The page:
Building prey drive in your young gundog - with Howard Kirby

Understanding dogs, and what makes them tick, is something that fascinates me, and if you are going to be successful in training your dog you will need to have a bit of a think about some of their thoughts, too. We know and accept that the best way to train our dogs is to reward them when they offer a behaviour that we like and wish them to repeat. For example, when a young puppy rushes inquisitively to us we reward it with affection, food or some kind of play. If done correctly, the pup gets pleasure from one or all of these and looks to you for this reward next time it sees you.

So now that we understand this reward-based principle we can not only reward behaviours that the puppy offers but we can also engineer a whole list of others that we might wish the dog to perform. This is generally recognised as basic training, i.e. recall, sit, watch me, stay, the ‘at heel’ position, and then heelwork itself. To build and shape these behaviours you will need to coax the dog into these actions, reward and then add a cue word or whistle sound in order that the dog learns by association that, when he is given a cue, he must perform certain behaviours in order to receive a reward (try our Mullenscote DVD: Foundation Training, The First Four Weeks). Once again, these rewards can be given through affection, play or food.

Let’s take a minute now to think a little bit more about what’s going on in the dog’s mind. So the dog wants the reward; he either figures out a strategy for himself or you help him to engineer one that gets him the reward. Provided that he knows how to, and that the reward is of a high enough value to him to make him want it, then the dog will offer the behaviour we want. ‘So if I run up to and sit looking lovingly at the fat bloke in the stupid hat he will give me food,’ thinks Fido. It’s fairly simple, really; your dog will work out a strategy that gives him the things he wants. It’s important to remember that this can work against us as well; if you give him the opportunity to find, chase and catch rabbits and game without you, then it’s highly likely that this is exactly what he will look to do. This will result in the dog hunting away from you, which can then become a real problem.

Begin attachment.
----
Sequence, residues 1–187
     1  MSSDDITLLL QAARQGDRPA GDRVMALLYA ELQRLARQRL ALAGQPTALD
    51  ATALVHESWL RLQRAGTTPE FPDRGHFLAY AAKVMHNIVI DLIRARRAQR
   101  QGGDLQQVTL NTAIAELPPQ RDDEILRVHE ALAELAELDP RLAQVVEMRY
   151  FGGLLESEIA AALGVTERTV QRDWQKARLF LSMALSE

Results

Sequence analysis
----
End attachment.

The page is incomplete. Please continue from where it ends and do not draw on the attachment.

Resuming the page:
My advice to you is that you work to a plan that keeps your dog thinking that if he ‘looks’ to you for help and guidance that you will in fact be the source of many rewards; for the gundog, you will help him to ‘get the prey in his mouth.’ Convince the dog of this and he will adore you.

So how are we going to do this? First and foremost, do your research well and ensure your puppy comes ‘pre-loaded’ with plenty of prey drive; the puppy’s lineage should be one that, amongst many other qualities, provides him with a strong desire to chase, pick things up and bring them back to you (the retrieve). Without a natural desire to do this you will really have your work cut out. Of course, it is possible to teach the youngster to want to retrieve, but the future is so much easier if he already has the drive to do this.

There are many views and opinions as to how one should train dogs, and of course the vast majority of these work for those who give the advice. Whenever possible, my advice is to do your best to manage your puppy’s day-to-day environment so that you reduce the development of unwanted behaviours by not exposing him to things that might do just that.